Court of Appeal – a hollow victory for the Landowners Coalition

Firstly, a big thank you to our many members who supported the Landowners Coalition during what has been a long and tortuous legal process. We have been engaged in the process for 12 years now.

As you will recall, the LoC registered as an interested party in some 202 cases taken by iwi/hapu in the High Court to gain Customary Marine Title to the foreshore and seabed.

We actively participated in the first of these cases to come before the Court – the Edwards claim for an area around Opotiki. Our aim was to ensure the Courts applied the law as Parliament had intended – or more to the point, how the National Party said it would be applied when responding to public submissions.

The High Court applied a very enabling pro tikanga interpretation of the law so we appealed it to the Court of Appeal – essentially on the grounds that law should be taken literally, rather than interpreted through a tikanga lense.

Although the Court of Appeal did not uphold the granting of two customary titles due to a lack of evidence (and sent these back to the High Court to rehear), it upheld the points of law and the High Court’s application of tikanga.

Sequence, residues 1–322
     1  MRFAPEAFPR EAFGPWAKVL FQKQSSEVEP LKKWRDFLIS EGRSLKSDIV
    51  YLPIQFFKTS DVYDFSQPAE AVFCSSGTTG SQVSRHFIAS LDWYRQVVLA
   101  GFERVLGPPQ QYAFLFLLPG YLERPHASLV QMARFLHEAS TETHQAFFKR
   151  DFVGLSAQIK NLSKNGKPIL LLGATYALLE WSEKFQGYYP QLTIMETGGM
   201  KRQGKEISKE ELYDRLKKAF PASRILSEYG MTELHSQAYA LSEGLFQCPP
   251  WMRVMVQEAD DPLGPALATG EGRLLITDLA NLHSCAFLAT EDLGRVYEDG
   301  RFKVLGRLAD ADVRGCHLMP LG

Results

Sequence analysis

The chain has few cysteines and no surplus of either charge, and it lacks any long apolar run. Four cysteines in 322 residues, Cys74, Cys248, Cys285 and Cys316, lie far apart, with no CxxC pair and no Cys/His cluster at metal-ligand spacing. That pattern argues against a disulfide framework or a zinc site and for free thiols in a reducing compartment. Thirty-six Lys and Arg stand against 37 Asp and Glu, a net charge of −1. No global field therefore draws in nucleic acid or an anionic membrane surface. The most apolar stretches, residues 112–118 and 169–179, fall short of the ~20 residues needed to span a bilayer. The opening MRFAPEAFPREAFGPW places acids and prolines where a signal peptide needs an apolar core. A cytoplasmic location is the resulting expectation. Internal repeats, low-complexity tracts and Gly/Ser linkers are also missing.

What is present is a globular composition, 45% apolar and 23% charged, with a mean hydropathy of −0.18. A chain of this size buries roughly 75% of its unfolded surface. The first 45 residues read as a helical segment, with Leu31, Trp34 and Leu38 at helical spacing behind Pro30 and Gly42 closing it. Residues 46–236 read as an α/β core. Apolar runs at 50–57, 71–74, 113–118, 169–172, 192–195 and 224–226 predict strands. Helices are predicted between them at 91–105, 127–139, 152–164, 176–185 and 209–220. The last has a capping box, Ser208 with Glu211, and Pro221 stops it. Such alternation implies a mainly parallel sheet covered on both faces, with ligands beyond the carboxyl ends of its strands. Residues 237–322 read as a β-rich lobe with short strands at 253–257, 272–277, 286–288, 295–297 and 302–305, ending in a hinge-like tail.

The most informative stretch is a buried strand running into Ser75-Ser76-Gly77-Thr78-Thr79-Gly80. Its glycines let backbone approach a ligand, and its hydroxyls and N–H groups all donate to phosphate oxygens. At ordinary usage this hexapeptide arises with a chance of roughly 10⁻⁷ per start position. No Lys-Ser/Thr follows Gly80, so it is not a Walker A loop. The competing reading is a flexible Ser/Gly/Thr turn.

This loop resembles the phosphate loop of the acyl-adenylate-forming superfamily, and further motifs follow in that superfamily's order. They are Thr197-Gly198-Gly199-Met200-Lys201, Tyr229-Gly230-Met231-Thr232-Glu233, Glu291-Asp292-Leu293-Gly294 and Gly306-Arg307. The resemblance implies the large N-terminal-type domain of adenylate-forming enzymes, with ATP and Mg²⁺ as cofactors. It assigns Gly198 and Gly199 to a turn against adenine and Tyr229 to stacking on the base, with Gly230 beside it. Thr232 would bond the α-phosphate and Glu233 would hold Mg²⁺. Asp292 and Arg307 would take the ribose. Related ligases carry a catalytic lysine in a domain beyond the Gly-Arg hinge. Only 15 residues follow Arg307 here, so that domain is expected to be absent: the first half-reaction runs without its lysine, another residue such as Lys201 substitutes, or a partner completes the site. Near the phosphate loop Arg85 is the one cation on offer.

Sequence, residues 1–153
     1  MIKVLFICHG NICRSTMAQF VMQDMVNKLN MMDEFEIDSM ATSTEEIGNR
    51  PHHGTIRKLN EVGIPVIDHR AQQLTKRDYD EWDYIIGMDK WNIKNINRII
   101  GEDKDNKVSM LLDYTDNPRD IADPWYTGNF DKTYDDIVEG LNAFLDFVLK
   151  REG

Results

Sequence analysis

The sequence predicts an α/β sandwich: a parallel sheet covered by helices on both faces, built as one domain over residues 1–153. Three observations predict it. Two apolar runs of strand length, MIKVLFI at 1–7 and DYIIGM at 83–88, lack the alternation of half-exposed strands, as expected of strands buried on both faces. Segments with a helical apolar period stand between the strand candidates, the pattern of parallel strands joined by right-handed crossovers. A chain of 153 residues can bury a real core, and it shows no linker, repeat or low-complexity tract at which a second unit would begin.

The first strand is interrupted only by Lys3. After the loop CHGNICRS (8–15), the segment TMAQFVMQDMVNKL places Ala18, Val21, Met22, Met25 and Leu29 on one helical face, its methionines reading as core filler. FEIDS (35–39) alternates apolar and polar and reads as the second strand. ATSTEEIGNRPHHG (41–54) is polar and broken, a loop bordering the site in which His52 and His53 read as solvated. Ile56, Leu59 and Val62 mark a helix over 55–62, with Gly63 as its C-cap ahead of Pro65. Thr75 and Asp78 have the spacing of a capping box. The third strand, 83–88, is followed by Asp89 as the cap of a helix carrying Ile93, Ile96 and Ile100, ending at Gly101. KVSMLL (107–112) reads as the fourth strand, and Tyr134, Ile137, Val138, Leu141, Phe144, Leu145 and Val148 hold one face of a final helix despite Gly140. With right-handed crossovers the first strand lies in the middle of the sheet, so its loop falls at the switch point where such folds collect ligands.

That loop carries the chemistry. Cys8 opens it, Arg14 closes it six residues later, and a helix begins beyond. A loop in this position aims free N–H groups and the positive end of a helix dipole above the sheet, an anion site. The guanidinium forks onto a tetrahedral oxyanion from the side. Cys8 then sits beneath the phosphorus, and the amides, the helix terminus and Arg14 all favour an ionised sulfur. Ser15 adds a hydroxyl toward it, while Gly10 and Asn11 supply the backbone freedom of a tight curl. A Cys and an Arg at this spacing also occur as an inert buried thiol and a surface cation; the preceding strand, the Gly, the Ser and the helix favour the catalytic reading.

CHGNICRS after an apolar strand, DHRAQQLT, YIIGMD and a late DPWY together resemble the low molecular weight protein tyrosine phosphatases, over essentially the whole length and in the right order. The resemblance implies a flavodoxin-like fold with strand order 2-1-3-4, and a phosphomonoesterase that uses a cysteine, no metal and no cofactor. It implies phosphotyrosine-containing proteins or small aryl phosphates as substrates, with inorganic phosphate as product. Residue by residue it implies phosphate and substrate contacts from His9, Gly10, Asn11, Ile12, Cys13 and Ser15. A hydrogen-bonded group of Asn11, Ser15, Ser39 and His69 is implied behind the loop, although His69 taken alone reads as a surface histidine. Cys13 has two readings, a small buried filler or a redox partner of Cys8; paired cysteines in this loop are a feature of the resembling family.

The effect is that the door is now wide open for Maori interests to gain customary title to the foreshore and seabed – virtually as of right. Declining title will be the exception. This is completely the opposite of what Chris Finlayson assured the public in 2012 would be the effect; saying that no more than 10% of the coast would meet the customary title test.

We are of course disappointed with the Court of Appeal decision. We feel it is fundamentally flawed and are yet to decide what to do next. We are also alarmed at the extent to which tikanga has become embedded within our law, largely without any mandate from the public.

The only positive to come from the case is that we now know with certainty how the Courts will apply the Marine and Coastal Area Act.

Our view is National got this law badly wrong, and it needs to correct its error so the Act does what National said it would do.


Throughout this process, we have been working closely with the NZ Centre for Political Research. Muriel Newman has produced an excellent summary of the case. Here >>>